The new GP contract for England will allow every practice in the country to be able to increase the pay of practice staff by at least 2%, it has been announced today.
The new five-year contract for GP services, agreed between the British Medical Association (BMA) and NHS England, will guarantee £405m of investment in the first year, part of which can be used to increase staff pay.
The BMA’s general practice committee has recommended that practice staff receive a pay increase ‘of at least 2%’, thanks to the increased funding to the contract, combined with the decrease in indemnity costs to practices that also feature as part of the agreement.
From 2020 onward, the global sum paid to GP practices will continue to increase that will ensure practices can increase staff pay at least in line with predicted inflation.
If inflation rises above predicted levels, the general practice committee and NHS England ‘will agree a mechanism for readjustment’.
The agreement, described as the ‘biggest reform to GP services in 15 years’ by NHS England, will see practices receive £1bn worth of funding over five years.
Practices will be expected to make 25% of their appointments bookable online as part of the contract, as well as allow NHS 111 to book appointments directly into GP practices as per the NHS Long Term Plan. One appointment per day for every 3,000 patients will need to be made available for direct booking by NHS 111.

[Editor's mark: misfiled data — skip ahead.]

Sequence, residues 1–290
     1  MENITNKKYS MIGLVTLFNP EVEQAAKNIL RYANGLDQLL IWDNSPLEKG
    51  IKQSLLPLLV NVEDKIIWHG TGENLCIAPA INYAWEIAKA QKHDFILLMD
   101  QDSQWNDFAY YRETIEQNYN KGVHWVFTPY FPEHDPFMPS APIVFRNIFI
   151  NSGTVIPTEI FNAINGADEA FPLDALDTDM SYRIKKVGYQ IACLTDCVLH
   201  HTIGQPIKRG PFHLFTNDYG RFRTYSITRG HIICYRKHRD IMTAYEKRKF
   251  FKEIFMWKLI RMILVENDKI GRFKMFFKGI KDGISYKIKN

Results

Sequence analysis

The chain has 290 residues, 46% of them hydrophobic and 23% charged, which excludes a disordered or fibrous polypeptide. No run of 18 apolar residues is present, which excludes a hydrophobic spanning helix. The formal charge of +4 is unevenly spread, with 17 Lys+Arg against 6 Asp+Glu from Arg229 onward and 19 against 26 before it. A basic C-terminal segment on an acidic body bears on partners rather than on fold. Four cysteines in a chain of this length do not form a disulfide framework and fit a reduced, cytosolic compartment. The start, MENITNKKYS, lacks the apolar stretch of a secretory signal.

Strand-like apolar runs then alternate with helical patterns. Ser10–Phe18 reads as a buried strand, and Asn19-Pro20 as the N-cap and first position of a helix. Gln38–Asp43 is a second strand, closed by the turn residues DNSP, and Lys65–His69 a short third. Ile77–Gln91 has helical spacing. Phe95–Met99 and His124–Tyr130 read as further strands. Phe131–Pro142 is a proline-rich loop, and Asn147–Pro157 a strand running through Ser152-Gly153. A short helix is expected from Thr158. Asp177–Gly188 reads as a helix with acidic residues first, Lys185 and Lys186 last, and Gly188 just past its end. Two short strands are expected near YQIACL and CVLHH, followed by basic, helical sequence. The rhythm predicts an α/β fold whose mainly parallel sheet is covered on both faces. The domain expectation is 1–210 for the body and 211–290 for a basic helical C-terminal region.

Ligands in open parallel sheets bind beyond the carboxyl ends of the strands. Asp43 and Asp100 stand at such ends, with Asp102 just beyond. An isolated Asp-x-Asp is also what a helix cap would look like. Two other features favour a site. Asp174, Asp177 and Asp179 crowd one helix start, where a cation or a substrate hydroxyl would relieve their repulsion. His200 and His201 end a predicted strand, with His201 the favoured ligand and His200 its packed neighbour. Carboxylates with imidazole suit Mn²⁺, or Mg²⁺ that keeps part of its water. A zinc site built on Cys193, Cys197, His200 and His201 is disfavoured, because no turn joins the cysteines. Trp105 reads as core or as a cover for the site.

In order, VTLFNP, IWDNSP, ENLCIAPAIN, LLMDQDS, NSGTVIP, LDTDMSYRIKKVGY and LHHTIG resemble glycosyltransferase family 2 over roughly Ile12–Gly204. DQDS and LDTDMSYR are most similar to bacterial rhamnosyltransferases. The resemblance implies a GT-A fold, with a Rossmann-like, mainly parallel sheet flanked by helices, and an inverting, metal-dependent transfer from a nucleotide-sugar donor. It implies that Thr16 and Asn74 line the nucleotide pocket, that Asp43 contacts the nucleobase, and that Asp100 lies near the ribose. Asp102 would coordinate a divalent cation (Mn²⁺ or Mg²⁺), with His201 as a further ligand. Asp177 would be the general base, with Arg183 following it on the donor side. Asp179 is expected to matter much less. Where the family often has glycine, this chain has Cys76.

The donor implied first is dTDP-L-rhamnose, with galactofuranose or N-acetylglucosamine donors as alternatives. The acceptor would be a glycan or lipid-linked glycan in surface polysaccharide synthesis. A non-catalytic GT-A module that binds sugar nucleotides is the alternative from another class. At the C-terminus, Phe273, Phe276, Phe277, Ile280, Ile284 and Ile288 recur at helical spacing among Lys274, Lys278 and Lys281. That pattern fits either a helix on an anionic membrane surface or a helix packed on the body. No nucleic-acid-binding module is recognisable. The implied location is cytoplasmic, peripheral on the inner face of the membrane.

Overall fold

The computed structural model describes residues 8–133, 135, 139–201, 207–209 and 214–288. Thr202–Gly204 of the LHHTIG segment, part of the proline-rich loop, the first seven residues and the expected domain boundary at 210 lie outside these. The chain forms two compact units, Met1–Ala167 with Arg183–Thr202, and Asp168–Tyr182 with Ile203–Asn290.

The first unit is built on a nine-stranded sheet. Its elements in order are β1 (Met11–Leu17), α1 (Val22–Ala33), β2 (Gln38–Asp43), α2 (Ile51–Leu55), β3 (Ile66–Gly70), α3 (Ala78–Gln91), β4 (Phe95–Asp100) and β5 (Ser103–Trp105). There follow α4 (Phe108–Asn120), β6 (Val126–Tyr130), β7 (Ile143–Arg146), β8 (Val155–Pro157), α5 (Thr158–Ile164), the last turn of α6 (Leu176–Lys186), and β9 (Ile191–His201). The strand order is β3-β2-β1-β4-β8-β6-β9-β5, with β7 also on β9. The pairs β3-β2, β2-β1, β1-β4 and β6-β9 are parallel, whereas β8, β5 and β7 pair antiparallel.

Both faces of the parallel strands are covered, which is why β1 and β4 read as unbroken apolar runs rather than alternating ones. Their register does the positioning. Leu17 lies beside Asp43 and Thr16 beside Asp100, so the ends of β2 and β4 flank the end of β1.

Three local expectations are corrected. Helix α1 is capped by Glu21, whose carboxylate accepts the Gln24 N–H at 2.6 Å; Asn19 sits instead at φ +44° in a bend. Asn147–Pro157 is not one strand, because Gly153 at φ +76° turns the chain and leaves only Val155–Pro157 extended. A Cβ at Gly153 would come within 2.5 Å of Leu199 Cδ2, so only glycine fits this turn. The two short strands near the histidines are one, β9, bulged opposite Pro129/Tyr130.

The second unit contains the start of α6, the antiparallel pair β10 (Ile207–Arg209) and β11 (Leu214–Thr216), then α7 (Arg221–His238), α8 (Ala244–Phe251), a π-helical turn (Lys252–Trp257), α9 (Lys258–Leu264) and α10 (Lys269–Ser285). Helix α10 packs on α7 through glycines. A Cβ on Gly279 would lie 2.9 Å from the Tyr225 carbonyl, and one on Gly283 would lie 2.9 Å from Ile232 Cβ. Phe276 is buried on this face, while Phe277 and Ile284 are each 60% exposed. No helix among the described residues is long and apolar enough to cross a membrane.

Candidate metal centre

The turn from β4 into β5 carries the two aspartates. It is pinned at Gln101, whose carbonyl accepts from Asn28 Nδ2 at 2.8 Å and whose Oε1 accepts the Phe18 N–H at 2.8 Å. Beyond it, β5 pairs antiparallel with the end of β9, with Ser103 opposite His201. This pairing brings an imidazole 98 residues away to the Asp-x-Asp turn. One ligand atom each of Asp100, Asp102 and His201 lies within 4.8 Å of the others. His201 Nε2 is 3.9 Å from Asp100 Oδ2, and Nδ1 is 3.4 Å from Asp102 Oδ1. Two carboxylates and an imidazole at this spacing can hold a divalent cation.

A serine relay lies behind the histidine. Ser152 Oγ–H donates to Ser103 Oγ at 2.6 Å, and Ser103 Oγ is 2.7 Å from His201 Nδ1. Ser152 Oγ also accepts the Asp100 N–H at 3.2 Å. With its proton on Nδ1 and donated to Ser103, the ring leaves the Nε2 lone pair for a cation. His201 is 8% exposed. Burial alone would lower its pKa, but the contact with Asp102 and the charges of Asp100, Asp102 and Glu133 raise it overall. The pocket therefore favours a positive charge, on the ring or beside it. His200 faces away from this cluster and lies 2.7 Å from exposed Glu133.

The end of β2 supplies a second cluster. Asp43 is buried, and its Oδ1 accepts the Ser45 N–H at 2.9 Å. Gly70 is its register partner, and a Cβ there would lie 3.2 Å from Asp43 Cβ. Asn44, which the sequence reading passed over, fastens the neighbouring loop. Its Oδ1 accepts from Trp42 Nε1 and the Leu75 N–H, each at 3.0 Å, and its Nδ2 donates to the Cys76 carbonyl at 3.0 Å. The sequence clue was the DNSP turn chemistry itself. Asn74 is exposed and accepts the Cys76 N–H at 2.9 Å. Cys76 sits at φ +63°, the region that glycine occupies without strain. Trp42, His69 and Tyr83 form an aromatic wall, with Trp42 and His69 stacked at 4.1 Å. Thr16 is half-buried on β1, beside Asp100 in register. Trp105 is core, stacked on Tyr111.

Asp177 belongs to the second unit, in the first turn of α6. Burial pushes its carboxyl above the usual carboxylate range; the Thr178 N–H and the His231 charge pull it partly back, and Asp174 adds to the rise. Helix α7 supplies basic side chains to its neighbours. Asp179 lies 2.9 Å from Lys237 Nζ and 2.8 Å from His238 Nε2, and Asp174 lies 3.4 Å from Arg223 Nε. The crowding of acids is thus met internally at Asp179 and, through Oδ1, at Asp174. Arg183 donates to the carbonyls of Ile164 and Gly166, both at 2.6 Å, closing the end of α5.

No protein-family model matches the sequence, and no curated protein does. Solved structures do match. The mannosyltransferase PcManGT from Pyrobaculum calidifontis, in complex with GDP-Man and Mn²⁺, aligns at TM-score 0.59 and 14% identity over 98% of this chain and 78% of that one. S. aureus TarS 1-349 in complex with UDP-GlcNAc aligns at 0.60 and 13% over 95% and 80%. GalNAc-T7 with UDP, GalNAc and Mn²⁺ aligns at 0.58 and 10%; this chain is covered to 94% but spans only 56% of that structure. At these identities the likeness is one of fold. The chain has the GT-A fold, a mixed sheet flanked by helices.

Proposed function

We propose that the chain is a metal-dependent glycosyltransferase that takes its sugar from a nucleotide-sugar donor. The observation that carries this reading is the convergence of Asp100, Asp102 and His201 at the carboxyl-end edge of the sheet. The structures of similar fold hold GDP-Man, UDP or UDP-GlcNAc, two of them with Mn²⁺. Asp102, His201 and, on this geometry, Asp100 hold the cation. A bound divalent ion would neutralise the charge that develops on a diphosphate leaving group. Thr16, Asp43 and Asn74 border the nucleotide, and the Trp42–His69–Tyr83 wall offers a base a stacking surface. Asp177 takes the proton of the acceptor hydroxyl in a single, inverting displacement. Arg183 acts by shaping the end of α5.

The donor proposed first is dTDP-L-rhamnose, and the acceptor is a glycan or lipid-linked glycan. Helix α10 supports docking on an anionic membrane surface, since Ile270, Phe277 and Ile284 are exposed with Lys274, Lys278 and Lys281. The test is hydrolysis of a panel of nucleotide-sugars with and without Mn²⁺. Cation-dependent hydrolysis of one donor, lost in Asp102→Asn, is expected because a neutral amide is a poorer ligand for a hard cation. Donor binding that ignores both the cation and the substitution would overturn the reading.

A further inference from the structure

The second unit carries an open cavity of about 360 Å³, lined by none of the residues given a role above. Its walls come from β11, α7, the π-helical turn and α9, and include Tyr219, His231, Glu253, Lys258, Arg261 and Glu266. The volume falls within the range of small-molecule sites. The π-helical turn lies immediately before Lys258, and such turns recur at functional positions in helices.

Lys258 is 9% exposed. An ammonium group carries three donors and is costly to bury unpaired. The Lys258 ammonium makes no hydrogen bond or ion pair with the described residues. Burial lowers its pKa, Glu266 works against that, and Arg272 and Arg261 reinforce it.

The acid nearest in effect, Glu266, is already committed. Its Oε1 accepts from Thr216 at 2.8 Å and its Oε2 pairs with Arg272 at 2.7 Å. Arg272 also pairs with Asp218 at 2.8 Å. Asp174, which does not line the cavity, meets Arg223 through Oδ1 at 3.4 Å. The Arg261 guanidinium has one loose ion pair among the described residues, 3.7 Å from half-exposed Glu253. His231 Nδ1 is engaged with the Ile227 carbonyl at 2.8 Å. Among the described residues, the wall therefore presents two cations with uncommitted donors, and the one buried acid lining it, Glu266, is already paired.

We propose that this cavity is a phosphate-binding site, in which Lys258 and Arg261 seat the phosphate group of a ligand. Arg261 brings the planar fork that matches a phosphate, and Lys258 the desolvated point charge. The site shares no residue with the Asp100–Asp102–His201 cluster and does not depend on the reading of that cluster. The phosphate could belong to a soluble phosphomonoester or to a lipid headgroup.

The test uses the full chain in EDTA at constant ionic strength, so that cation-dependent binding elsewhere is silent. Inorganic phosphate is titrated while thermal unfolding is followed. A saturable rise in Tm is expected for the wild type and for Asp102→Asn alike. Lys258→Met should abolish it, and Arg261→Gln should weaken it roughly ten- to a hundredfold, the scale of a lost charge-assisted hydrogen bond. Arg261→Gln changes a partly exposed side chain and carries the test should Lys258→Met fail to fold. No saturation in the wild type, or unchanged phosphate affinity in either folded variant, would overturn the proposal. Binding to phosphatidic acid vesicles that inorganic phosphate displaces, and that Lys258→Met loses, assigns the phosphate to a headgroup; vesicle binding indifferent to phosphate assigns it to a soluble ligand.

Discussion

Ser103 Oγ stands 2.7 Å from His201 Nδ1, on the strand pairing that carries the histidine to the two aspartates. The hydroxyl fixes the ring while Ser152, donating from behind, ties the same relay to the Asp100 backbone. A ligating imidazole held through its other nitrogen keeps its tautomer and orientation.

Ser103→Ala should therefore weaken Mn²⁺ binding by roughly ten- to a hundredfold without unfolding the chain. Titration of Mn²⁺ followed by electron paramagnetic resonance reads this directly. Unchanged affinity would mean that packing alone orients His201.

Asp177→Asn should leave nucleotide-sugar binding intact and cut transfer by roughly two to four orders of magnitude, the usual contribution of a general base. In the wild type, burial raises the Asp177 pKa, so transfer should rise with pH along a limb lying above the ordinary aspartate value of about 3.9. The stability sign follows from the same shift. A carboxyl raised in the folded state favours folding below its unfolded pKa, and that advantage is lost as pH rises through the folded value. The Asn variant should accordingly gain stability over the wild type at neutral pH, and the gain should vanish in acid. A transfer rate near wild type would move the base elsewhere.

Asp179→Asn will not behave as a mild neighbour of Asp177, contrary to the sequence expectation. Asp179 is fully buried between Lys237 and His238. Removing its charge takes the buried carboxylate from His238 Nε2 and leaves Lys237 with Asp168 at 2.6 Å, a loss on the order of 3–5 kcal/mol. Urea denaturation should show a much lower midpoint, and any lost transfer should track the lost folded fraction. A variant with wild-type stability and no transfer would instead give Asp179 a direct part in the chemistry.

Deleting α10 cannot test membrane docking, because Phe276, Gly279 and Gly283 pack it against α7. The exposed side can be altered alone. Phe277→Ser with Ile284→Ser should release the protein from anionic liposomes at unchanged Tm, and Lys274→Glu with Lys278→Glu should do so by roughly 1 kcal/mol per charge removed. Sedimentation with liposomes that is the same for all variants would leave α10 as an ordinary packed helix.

Resources will be made available to surgeries to facilitate online and video consultations, with patients having the ‘right’ to video consultations by 2021.
As previously reported by Nursing in Practice, changes will be made to the QOF, with unnecessary indicators removed that will see changes to diabetes and hypertension management.
NHS England chief executive Simon Stevens claimed the contract represented the ‘biggest boost to primary care in more than 15 years’, and said it would ‘break down the divide between family doctors and community health services.’
Chair of the BMA GP committee Dr Richard Vautrey said the new agreement will ensure staff pay is covered.
He said: ‘After years of derisory pay uplifts for staff and tightening financial pressures on practices, we have been able to negotiate a five-year deal guaranteeing investment that covers pay and expenses, and at least matches predicted inflation.
‘This package sets us on the road to rebuilding not only general practice but also the wider primary healthcare team; delivering an expanded workforce embedded within practices and giving GPs a leadership role in bringing together the community healthcare team.’